Employing a ‘broader skill mix’ of primary care staff in GP practices could help lessen the mounting workload of doctors, GP leaders said at a meeting on workforce problems.
‘We recognise that pharmacists, physiotherapists, counsellors, advanced nurse practitioners, are going to take an increasing proportion of general practice work, and we welcome that,’ Dr Paul Myres, chairman of RCGP Wales, told GPOnline.
‘It reduces costs and it makes the most efficient use of your workforce.’
At a workshop on growing workload and workforce crisis facing GPs, GP leaders, LMC and health board representatives said that up to half of GP work could be done by another healthcare professional.
‘They said an average of 20% of the work that GPs are doing could be done by someone else,’ Dr Myres said.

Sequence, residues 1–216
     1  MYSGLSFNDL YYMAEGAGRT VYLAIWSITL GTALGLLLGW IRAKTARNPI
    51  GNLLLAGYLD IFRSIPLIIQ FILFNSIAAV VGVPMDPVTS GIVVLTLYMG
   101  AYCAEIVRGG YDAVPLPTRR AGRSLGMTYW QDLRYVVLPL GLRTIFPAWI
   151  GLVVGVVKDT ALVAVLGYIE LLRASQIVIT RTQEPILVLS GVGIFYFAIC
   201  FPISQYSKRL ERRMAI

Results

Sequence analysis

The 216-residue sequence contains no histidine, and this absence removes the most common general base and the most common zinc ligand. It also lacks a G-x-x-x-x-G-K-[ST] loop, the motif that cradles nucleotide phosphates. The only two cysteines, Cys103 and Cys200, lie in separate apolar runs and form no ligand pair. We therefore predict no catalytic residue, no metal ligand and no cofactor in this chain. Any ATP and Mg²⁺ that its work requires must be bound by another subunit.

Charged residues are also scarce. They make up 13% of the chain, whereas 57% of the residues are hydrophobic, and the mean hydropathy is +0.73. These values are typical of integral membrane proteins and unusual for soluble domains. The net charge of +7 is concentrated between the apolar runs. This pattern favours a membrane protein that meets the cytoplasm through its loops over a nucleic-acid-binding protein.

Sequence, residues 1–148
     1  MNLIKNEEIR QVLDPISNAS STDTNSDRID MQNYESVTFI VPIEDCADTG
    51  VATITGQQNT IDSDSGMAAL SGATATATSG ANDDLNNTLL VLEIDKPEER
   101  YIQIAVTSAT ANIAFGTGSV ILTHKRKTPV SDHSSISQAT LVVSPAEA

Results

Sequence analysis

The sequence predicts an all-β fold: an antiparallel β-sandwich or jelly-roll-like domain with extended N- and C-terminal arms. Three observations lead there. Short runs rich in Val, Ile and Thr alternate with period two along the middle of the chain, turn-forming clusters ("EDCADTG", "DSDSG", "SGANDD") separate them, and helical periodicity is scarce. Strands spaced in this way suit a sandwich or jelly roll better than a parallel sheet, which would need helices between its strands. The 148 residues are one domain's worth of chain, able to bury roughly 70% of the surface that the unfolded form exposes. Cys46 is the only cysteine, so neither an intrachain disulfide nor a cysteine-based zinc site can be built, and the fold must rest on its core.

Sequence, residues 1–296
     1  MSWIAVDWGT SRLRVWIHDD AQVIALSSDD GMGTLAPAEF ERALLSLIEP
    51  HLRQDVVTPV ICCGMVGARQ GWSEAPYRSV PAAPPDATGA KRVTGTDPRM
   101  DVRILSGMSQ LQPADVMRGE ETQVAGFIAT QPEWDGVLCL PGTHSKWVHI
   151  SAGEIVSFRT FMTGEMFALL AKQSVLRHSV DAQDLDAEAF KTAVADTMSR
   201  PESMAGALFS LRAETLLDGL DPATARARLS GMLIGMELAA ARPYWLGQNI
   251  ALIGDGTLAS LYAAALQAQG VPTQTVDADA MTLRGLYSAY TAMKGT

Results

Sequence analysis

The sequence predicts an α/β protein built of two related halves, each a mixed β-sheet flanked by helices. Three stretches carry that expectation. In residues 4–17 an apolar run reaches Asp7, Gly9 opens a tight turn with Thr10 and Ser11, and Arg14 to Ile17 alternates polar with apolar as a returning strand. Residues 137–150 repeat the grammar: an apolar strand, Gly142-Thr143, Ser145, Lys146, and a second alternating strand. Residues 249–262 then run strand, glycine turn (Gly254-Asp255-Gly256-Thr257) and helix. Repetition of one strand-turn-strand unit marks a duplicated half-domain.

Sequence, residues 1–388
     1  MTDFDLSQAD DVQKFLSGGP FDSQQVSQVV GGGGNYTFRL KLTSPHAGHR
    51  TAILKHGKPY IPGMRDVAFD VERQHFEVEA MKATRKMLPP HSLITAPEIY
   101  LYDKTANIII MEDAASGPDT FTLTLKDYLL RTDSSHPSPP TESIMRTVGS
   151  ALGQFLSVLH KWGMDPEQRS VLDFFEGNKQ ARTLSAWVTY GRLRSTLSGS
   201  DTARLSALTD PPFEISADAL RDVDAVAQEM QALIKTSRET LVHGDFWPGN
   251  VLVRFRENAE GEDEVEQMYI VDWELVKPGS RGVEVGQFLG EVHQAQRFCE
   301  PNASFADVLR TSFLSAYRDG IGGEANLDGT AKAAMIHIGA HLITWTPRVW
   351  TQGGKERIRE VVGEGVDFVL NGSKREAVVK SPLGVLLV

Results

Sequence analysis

‘GPs are uniquely good at diagnosing, helping patients create management plans, and adapting clinical guidance to fit patients. That’s what we should be concentrating on,’ he added.
Dr Myres said that recruitment problems had reached crisis point and change was needed to prevent further damage to the profession.
‘The workforce crisis has shown us that things have got to change and we’ve got to work in a different way,’ he said. ‘We have to look at skill mix in general practice’.
The workshop also found that some GPs are working up to 60 hours in clinical sessions alone every week. Unfilled training posts and early retirement have also left Wales with a shortfall of around 500 GPs, Dr Myres said.